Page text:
This morning I saw two bits of news on education that initiated this rant. First I saw a report on television news about a physical fitness assessment of nursery school aged children in Japan, which showed that some children in urban areas and then read that Illinois is gutting its foreign language education curriculum. That started me thinking about what the purpose of public education is anyway. What is its purpose? What does it really deliver, and what parts of it are essential and what are not?
If Illinois is having to think that hard about whether to keep its foreign language curriculum, then maybe it isn’t that important to begin with. There will be all of the usual arguments, that if students don’t get another language they won’t be competitive, that foreign languages help us process information differently and better, that Americans are not multilingual enough. Those are all fine arguments, but what does that have to do with what public schools should offer and what they shouldn’t? Fundamentally public schools should teach children the bare minimum, reading, writing, and ‘rithmatic, and the rest is expendable. In fact, that is all they are capable of doing anyway, capable in terms of finances and pedagogical ability. I want my children to be in class learning how to read and write in the language on offer, how to crunch some numbers, and that is it. I want them the heck out of there. I will take care of the rest. I will chose how much of anything else they get. Just keep the state out of my kids’ heads.
“Oh, but that isn’t fair, ” some will say. “What about the kids who can’t afford more than what public education has to offer.” It isn’t fair now. Kids in poorer areas get less than kids in richer areas. The only way that is going to get better is if more people get interested in helping all children in their communities to thrive. It isn’t fair in Japan either, even in this country where homogeneous is the order of the day. Kids who go to cram schools don’t study at school, because school doesn’t offer the quality or quantity that cram schools do. The kids who don’t go to cram schools or can’t afford them don’t get the same advantages. That means that the hours and hours of sitting in classes, being evaluated by teachers on everything from their ability to solve simple math to their willingness to obey without question is part of a pedagogical agenda that has little to do with the state’s ostensible concerns about equality. Just keep the state out of my kid’s heads.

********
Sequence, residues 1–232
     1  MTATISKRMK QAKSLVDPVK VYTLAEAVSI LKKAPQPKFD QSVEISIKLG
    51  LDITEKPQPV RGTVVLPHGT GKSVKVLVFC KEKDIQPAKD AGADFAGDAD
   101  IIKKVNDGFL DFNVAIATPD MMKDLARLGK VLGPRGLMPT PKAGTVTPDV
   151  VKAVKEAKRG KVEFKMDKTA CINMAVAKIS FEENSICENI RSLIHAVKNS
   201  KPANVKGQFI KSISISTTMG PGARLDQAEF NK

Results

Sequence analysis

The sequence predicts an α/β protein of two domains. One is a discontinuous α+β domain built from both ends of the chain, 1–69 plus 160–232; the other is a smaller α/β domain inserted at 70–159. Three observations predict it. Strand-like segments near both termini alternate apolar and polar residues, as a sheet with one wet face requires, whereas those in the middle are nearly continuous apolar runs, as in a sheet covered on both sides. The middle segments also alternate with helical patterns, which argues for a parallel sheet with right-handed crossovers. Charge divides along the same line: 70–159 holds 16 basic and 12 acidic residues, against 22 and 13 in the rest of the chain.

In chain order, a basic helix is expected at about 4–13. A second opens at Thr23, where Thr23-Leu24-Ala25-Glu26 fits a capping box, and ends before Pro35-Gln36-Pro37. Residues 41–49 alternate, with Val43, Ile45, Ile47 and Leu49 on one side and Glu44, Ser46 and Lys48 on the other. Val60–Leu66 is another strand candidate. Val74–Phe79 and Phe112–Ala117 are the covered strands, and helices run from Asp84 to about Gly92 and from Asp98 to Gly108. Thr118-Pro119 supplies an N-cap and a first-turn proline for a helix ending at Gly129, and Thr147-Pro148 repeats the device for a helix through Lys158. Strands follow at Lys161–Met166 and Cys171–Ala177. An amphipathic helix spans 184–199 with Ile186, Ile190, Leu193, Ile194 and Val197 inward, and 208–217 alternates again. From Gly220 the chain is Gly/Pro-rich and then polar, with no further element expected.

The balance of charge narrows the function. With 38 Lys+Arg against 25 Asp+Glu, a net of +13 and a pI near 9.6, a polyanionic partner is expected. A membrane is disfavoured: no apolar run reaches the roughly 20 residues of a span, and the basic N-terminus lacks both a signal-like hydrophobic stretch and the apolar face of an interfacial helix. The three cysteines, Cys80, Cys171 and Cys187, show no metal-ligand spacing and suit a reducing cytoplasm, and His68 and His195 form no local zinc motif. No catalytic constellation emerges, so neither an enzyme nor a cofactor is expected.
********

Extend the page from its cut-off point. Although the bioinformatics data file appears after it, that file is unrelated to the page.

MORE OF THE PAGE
My son is taking an “Ethics” class now at school. If I thought they were trying to teach them ethics, I would yank him out of that school yesterday. I have no confidence that the teachers at the school he is attending have the slightest clue about what Ethics is about. Instead they teach some basic Philosophy, which I do not object to. Even that is unwelcome from the state. I do not want the state deciding with philosophy is appropriate for my children to learn. It doesn’t matter what my leanings may be. I may feel that Marx and Bookchin are appropriate for my children. Just keep the state out of my kids’ heads.
We also need to face the realities of modern pedagogical agendas. The paradigm of most education now was institutionalized around the beginning of the industrial revolution to create a workforce capable of operating machinery and sitting for long shifts of brain and body numbing work. It was developed to classify and segregate information in minute detail, not to examine the intricate connectedness of all things. Look for example at English education in Japan. This isn’t taught to help young people to communicate. It is a tool to segretate and separate students who can by innate talent or through brute force of will commit to memory the minutiae of English grammar as defined by the Japanese state from those who can’t or won’t. Just keep the state out of my kid’s heads.
Then that’s fine. If Illinois doesn’t have the money to teach foreign languages, or art, or physical education, or political science, then turn the kids out early and quit trying to micromanage their lives. If Japanese kids can’t run or throw a ball as well as kids twenty years ago, and that is important to the communities where they live, then the residents should get together and provide safe, clean places for their children to play, not expect the state to do something it isn’t able or willing to do now.